The idea that the Son of Sam killer, David Berkowitz, could possibly tell his story and reap a fortune from its publication was more than anyone could stand, and so the Son of Sam law(s) was born. The original version, New York Executive Law §632-a, was enacted to make sure that no person convicted of a crime could receive the profits that might otherwise by enjoyed as a result of it.
That it only applied to those “convicted” made perfect sense at the time it was drafted, as it seemed to cover the situation. But people, being who we are, always manage to find a way to screw up the best laid plans. This time, it’s not just people, but a crazy person. The irony is that Berkowitz, the Son of Sam, was as loony as could be, provided you don’t think taking instructions to kill from a dog is normal. And if you do, please explain that to the nearest police officer.
But as the Washington Post notes, there may be a disturbing loophole:
But legal experts say the case of a Long Island mother who drowned her three children in a bathtub and is now seeking to cash in could succeed because of a loophole. Since Leatrice Brewer was never convicted — instead found not guilty by reason of mental disease — legal experts say she could make a plausible case to receive some of her children’s $350,000 estate.
Brewer, 33, slashed her daughter’s throat before drowning her and two younger brothers in 2008, believing she was saving them from the deadly effects of voodoo. Hours after the killings, she survived two suicide attempts — swallowing a concoction of home cleaning fluids and later jumping out a second-story window.
The problem is that Brewer wasn’t convicted of murdering her children, but rather found not responsible by reason of mental disease or defect. Given the facts, it’s a perfectly appropriate outcome, as she was totally insane. And yet, that may remove her from the strictures of the Son of Sam Law.
The original New York law was held unconstitutional in 1991, held to be overbroad in that it would have prohibited Thoreau from profiting from Civil Disobedience and served to chill works about matters of public importance for fear of tying them up in litigation. New York has tried to tweak the law several times since then, as well as address the “not guilty by insanity” problem.
New York revised its law in 1992, and the state Senate has passed legislation seven times since 2006 — most recently in July, albeit with little fanfare — to try to address the issue of people held not responsible because of mental disease, said the bill’s sponsor, Sen. John Flanagan. Companion legislation has been proposed in the state Assembly but has yet to gain any traction. Assemblyman Charles Lavine said he was optimistic the notoriety of the Brewer case could spark passage.
While there is no one contending that Brewer would actually receive any monies as a result of killing her children, and it appears that if she did, it would go toward the lien against her for treatment for her mental illness, that doesn’t address her claim toward a share of the proceeds of a settlement with Nassau County for the failure of social services to protect the children from their crazy mother.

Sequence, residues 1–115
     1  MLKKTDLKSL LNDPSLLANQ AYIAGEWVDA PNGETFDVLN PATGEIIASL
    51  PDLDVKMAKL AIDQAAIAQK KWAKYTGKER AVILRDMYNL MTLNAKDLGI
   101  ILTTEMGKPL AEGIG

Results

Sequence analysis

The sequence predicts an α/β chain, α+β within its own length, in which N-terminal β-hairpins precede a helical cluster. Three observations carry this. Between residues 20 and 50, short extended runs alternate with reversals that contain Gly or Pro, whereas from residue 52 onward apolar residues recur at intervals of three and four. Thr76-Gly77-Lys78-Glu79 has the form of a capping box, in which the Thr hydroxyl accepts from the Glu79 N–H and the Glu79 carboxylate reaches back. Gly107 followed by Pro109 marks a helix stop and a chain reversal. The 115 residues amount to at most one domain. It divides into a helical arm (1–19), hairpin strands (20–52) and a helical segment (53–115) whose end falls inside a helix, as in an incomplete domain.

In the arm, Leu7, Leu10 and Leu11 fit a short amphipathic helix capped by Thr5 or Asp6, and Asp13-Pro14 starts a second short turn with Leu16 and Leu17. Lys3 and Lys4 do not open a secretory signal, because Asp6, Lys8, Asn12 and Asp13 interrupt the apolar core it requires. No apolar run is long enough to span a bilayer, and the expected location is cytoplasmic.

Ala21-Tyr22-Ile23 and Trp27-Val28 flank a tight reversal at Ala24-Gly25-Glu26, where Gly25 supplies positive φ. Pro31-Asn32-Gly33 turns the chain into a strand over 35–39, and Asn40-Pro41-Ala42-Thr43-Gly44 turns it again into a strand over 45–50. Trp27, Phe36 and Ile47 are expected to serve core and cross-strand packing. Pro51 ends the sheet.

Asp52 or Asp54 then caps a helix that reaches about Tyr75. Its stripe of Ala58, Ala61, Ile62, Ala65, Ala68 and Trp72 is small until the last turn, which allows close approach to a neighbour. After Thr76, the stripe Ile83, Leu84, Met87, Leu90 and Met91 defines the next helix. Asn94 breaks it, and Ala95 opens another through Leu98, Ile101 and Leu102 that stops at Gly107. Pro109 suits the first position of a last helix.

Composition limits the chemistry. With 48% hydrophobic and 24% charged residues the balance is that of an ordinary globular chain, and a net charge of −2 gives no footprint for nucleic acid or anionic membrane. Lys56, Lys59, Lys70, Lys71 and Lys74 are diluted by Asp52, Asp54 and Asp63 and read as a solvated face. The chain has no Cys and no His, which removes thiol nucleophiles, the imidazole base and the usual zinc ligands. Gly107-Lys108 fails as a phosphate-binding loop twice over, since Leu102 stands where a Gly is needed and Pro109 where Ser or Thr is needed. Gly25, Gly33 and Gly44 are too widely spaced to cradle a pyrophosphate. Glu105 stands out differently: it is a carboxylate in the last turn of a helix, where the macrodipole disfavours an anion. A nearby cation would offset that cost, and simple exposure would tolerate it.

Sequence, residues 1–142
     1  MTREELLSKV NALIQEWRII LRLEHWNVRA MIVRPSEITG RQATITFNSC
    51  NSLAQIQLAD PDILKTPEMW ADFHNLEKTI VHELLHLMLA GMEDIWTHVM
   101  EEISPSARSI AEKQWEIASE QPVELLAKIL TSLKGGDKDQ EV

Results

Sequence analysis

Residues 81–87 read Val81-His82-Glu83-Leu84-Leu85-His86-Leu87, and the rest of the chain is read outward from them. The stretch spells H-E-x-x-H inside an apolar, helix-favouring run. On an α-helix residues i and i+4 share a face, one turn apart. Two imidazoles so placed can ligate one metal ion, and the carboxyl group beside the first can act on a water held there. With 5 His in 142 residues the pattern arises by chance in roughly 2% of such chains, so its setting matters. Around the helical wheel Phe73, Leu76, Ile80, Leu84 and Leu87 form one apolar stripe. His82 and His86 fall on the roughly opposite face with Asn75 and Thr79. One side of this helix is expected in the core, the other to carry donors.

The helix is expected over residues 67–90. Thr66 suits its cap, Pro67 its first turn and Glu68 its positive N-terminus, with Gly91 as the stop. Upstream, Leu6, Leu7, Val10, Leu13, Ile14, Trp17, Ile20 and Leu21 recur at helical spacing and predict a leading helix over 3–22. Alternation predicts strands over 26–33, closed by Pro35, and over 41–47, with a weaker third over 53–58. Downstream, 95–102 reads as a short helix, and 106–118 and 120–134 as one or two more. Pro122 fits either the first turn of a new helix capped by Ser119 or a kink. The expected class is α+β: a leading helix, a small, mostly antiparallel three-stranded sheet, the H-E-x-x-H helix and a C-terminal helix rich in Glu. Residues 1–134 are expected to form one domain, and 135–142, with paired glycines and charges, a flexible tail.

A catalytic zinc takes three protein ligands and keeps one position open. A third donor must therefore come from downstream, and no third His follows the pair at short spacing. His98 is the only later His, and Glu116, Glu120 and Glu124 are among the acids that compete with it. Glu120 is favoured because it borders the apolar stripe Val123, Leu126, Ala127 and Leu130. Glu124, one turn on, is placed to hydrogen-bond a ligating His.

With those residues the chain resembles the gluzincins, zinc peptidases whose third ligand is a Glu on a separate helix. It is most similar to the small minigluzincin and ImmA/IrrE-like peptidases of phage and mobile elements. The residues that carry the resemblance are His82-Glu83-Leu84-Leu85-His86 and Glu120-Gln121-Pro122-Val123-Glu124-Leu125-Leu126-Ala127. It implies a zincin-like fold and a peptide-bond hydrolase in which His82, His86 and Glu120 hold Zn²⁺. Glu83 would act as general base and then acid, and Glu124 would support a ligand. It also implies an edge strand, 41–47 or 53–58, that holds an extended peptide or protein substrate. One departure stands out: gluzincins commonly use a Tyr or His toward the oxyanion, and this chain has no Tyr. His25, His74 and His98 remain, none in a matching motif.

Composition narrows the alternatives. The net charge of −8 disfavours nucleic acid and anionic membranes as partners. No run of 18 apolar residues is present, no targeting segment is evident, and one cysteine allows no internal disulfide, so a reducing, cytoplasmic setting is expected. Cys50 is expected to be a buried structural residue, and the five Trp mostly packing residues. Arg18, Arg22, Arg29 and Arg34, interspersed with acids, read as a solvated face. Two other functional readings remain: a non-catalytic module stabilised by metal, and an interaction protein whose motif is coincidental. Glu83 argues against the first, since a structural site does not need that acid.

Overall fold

Maebell Mickens, Brewer’s grandmother, disputed that the woman’s motivation is money, though she did not offer an alternative explanation.
“She ain’t never wanted no money,” Mickens told The Associated Press in a brief telephone interview.
And yet, Brewer has her hand out and, given the state of the law, may well be due her cut. The lawyers for the father of the children, who brought suit, and a lawyer appointed to represent the interests of any unknown heirs, are not amused.
“As a human being, I am outraged and disgusted by this,” said attorney Thomas Foley, who represents the father of the two slain boys. “As an attorney, I have some level of understanding of why we have to go through this charade, but it is difficult to forget we are here because of the actions of a crazy person who killed her kids.”
Kenneth Weinstein, a court-appointed attorney representing any possible unknown heirs who may surface, was just as blunt: “It would stand the law on its ear if she were to receive any proceeds from her own heinous, felonious conduct.”
It would seem that all of us, as human beings, would find this outrageous, if not disgusting. But those aren’t the qualifications for legal. As of now, the New York Son of Sam law does not appear to preclude Brewer from receiving her share, and as Chuck Lavine (for those who aren’t familiar, Chuck is now a New York Assemblyman, but was a federal criminal defense lawyer when he had to work for a living) says, perhaps this will get the New York State Lege off its butt on the subject.
And yet, as strong as the visceral desire to prevent a person who committed horrible conduct from profiting, questions remain. What, for example, if a crazy killer left young children behind, but no other family. Would we feel similarly outraged for the profit of telling the story to go toward to the children? And would society benefit from stories untold because of laws like this?
One of the problems with curing a legal problem that’s staring us in the face is considering how a law plays out, whether merely under minor variations or at its extreme. As much as we may agree that many, if not most, scenarios support the public desire for a prohibition, that doesn’t mean that it will cover every situation, or that it won’t produce collateral problems that are themselves serious and disturbing.
This is why crafting law is such a difficult process, and why interpreting them under an ever-changing set of facts can be so infuriating.